Dr. Dre, 'The Chronic' at 20: Classic Track-By-Track Review

Dr. Dre, 'The Chronic' At 20

Twenty years ago today, Dr. Dre changed hip-hop with "The Chronic." Billboard contributor Thomas Golianopoulous takes a look back at every song on the rapper's classic debut.

The Chronic

Andre " Dr. Dre" Young was in a tough spot when he started recording his debut album, "The Chronic," in June 1992. Former N.W.A. cohort Ice Cube had ridiculed the 27-year-old rapper and producer on the brutal diss track, "No Vaseline" and Dre soon left the revolutionary group following a financial dispute with Eazy-E and Ruthless Records co-founder and CEO Jerry Heller. Released from his contract, he signed to Death Row Records, an unknown entity in the industry. And then there was also the stench of his attack on TV host Dee Barnes; Dre pled no contest to assault and received two years probation. Around that time, he posed on the cover of The Source magazine holding a gun to his head. But things started turning around for Dre when "The Chronic" was released on December 15, 1992.

"The Chronic" has sold over 5.6 million copies, according to Nielsen SoundScan, peaked at No. 3 on the Billboard 200 and spawned three top 40 singles on the Billboard Hot 100. It redefined the West Coast sound, is considered one of the greatest hip-hop albums of all time and made gangster rap that was accessible to pop radio and MTV. In short, "The Chronic" brought hardcore hip-hop to the suburbs.

How'd he do it? First, he surrounded himself with some of the best young, undiscovered talent on the West Coast -- Kurupt, Daz, the Lady of Rage, Nate Dogg and a kid from Long Beach who'd soon be a star, Snoop Doggy Dogg. Snoop, Daz and The D.O.C. handled most of the writing duties. Some of the records, including the stunning lead single, "Nothin But a G' Thang," was party music and sold an alluring lifestyle revolving around women, weed and weather. But the album is also filled with nihilist violence. Police, females, Eazy and Jerry were frequent targets.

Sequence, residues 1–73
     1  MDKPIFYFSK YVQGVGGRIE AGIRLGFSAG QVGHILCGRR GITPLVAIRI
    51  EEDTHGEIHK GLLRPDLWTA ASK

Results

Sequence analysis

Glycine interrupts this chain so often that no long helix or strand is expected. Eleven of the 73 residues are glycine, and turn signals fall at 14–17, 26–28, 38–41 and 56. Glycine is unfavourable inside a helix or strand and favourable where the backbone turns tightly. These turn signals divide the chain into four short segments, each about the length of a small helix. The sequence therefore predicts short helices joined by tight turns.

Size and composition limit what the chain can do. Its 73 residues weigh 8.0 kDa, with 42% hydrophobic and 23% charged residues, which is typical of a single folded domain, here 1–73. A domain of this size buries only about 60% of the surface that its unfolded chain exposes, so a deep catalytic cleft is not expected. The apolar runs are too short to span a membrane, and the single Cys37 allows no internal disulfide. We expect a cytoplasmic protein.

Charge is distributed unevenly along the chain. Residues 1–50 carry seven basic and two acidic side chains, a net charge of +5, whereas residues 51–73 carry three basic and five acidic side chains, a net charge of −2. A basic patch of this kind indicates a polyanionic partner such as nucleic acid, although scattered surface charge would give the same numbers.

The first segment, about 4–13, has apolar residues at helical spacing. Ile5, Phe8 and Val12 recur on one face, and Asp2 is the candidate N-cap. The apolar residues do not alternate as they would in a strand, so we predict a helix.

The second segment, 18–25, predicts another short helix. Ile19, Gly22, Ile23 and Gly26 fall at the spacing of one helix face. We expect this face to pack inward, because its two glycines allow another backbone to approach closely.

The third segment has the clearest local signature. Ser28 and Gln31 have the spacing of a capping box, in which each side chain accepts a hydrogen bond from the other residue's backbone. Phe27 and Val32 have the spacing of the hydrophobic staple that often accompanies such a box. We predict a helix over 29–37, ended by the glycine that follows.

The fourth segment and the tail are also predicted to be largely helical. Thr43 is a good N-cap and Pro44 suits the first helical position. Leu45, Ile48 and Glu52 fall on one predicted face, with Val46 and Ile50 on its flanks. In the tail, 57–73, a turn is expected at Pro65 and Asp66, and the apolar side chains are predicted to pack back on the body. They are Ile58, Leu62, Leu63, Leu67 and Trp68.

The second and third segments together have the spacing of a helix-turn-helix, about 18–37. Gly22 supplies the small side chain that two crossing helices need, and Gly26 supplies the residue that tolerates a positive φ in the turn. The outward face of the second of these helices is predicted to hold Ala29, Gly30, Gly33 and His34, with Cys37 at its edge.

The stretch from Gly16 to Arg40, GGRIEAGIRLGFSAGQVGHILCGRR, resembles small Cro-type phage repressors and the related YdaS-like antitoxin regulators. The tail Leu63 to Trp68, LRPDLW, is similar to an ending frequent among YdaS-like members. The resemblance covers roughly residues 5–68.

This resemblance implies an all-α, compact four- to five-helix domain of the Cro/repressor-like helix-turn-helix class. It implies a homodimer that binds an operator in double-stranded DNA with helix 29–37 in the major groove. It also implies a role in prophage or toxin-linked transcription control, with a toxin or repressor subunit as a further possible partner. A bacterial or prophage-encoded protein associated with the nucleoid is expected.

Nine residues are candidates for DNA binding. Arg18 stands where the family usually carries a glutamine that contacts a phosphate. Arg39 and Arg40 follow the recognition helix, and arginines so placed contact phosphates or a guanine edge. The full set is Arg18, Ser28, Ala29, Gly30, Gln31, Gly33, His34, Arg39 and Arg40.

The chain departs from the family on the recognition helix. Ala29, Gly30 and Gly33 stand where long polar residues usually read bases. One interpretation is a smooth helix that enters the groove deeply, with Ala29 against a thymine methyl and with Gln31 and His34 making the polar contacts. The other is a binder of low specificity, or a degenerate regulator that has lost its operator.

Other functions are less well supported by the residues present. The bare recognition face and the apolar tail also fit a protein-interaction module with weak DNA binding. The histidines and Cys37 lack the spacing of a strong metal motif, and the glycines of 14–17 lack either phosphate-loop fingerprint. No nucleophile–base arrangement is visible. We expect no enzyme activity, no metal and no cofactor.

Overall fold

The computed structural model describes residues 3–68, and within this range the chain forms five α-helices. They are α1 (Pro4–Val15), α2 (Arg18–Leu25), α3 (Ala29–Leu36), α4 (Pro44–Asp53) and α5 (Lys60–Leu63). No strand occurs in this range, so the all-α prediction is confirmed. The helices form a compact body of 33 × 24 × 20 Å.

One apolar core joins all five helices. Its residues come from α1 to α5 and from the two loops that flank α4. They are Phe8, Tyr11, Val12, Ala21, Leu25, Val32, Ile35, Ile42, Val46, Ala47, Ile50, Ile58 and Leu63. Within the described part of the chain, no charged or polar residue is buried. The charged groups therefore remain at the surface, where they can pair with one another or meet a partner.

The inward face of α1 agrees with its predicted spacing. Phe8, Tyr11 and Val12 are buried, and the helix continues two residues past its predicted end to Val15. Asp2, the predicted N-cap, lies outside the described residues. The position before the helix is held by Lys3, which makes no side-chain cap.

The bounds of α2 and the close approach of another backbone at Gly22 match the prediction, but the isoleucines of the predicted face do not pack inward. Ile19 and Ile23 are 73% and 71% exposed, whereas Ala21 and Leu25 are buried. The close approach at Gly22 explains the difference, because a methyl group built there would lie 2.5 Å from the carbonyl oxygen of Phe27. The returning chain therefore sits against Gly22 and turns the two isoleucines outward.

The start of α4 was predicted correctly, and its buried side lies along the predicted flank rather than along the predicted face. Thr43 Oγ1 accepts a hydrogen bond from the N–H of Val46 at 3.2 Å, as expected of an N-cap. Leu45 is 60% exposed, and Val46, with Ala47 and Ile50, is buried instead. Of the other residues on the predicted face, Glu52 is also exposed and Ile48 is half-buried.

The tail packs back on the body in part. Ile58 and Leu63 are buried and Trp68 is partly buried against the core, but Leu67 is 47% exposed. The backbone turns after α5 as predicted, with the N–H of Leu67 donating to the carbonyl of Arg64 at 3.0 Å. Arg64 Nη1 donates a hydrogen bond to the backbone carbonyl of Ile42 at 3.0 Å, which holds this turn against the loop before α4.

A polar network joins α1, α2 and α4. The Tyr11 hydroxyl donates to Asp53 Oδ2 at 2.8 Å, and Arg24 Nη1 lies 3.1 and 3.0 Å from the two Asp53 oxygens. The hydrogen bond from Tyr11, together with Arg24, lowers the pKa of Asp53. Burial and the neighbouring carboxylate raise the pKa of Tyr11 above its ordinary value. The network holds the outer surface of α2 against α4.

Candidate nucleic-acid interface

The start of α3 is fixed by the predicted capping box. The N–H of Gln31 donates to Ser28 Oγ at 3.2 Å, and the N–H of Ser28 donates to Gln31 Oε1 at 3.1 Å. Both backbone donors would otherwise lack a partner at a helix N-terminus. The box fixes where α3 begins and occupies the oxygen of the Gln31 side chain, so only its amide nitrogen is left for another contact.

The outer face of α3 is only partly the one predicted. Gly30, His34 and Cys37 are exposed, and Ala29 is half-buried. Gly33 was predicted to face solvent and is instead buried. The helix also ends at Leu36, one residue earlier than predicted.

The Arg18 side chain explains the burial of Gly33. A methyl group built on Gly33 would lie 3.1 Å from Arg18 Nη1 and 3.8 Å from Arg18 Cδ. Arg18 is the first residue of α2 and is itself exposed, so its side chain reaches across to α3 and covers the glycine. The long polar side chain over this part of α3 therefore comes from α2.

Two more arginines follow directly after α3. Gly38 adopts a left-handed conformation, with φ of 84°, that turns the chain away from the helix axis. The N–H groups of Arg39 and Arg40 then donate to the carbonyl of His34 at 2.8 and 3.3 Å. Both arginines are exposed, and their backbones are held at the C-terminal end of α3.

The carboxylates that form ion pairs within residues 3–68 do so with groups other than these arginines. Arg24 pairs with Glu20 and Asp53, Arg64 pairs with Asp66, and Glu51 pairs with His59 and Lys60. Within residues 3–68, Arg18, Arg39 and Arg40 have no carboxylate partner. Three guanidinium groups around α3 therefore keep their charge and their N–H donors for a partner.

While "The Chronic" trod in well-worn themes, the album broke ground musically, ushering in a sound quickly branded G-Funk. Dre slowed things down a bit, sampled his favorite funk records from artists like Parliament Funkadelic, layered heavy synths and created a mellow groove that carried hints of danger.

Dre moved more into a producer and executive role since releasing "The Chronic," founding Aftermath Records and helping launch the careers of Snoop Dogg, Eminem, 50 Cent, The Game and Kendrick Lamar. Still, "The Chronic" casts a long shadow over his career. It took Dre over seven years to release it's follow-up, "2001." His next album, "Detox," is long-awaited, infinitely-delayed and may never see the light of day. Rumors persist Dre's perfectionism is to blame, that it needs to measure up to "The Chronic." And that's why we're still waiting for it.

"The Chronic (Intro)"

Dr. Dre doesn't have much to say on the album intro. "This is dedicated to the niggas that was down from day one," he snarls. There's a sound of a cell block door opening and then a greeting, which, in fact, doubles as a warning: "Welcome to Death Row." From there, he lets his protégé Snoop handle the dirty work. Over a and a slew of samples -- Ohio Players, Parliament, Solomon Burke, The Honey Drippers, Gylan Kain and Jim Dandy -- Snoop praises Doc and Death Row and then taunts Eazy-E and Jerry Heller. Dre, of course, gets in the final word to his foes: "You'se a penguin looking motherfucker."

 

"Fuck Wit Dre Day (And Everybody's Celebrating)"